Civil rights groups expressed concern yesterday about a Justice Department proposal to expand the FBI's national computer system to include information about persons under investigation for white-collar crimes.
Police use the system -- the National Crime Information Center -- to determine if an individual has been named in an arrest warrant elswhere. All information is on the public record except for data on missing persons, stolen property and persons who have indicated an interest in harming the president.
Under the proposed expansion, more than 60,000 federal, state and local law enforcement agencies could enter information about persons being investigated for serious economic crimes. They need not have been charged, and the information about them could include unverified speculation and reports about their associates.
If two or more agencies entered information about the same person, each would be notified of the other's interest. The agencies then could request FBI authorization for access to the information from the other agencies, according to a Justice Department official.
Critics of the expansion, including the American Civil Liberties Union and Rep. Don Edwards (D-Calif.), said it would violate individuals' rights because it would include "raw investigatory data" that is not in public records, including suspicions, leads and observations of law enforcement officers. They also say it is unfair to include such information about persons who have not been charged with crimes.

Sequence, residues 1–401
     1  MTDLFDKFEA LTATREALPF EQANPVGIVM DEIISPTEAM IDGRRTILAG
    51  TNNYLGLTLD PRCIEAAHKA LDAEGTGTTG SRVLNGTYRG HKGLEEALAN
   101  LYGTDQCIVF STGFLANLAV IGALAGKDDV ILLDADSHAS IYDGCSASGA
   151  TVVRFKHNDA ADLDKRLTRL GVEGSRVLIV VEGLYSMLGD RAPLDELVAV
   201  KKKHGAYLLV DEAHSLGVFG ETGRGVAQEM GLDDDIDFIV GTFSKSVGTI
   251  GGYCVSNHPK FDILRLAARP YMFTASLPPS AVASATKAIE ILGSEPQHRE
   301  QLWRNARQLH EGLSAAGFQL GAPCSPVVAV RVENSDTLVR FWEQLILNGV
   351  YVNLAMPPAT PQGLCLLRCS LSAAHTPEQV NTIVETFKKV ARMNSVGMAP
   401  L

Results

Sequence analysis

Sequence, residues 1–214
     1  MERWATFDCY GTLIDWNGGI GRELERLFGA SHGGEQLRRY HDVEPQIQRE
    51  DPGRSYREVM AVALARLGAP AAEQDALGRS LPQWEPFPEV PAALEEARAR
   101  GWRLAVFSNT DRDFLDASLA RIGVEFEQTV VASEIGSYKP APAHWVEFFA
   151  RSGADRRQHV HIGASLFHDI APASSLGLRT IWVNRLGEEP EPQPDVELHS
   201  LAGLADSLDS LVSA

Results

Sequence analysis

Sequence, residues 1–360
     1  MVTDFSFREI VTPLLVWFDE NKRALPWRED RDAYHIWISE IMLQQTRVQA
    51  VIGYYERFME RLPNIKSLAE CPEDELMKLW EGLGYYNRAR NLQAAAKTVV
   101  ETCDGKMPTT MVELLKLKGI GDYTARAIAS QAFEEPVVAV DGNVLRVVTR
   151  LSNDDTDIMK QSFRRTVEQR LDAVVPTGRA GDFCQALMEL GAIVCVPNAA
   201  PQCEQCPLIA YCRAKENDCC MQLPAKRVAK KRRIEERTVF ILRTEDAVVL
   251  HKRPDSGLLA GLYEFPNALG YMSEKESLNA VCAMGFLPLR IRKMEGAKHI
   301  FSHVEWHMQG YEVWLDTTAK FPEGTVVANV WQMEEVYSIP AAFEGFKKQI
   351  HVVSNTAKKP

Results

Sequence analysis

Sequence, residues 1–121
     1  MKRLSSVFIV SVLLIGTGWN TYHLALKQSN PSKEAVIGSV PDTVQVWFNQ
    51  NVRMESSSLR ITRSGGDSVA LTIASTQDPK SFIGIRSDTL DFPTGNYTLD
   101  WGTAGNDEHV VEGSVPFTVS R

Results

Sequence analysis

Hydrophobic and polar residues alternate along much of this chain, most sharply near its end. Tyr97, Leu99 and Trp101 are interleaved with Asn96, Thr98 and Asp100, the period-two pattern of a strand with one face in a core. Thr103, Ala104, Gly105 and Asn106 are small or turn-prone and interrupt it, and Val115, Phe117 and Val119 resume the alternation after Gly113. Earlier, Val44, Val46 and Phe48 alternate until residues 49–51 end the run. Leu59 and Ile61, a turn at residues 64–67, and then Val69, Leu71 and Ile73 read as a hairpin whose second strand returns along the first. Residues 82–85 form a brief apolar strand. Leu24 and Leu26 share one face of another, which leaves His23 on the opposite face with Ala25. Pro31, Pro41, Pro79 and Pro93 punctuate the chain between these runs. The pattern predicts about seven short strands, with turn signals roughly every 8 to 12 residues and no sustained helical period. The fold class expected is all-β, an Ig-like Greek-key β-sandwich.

"Certainly, we must fight crime, at all levels in our society," Edwards wrote this week to Associate Attorney General D. Lowell Jensen. "But we also have an obligation to preserve our fundamental constitutional liberties, including the right to privacy and the presumption of innocence."
Edwards wrote that he would be "much less concerned" if the proposed expansion of information were limited to use by the FBI. A "central concern," Edwards wrote, "is the broad availability of the system."
Edwards, chairman of the House subcommittee on civil and constitutional rights, said his panel will hold a hearing on the proposed expansion.
Allan Adler, ACLU's legislative counsel, said the proposal would violate the principles of the Privacy Act, which allows federal agencies under certain circumstances to distribute information on individuals to other federal agencies that is "timely, accurate and complete."
"When you're dealing with criminal intelligence rather than public information," the information is more likely to be inaccurate, Adler said.
Jensen said in an earlier letter to Edwards that the department is considering the expansion because white-collar crime is "difficult to investigate," partly because of the "lack of an efficient means of exchanging information about white-collar criminals whose crimes . . . affect victims in several jurisdictions."
Currently, Jensen wrote, investigative agencies exchange information about white-collar crime suspects on an "ad hoc, hit-or-miss basis, with none of the routine efficiency that is required for uncovering sophisticated offenses."
Jensen said the proposal "will lead to the eventual adoption of a system that is not only effective, but eminently reasonable."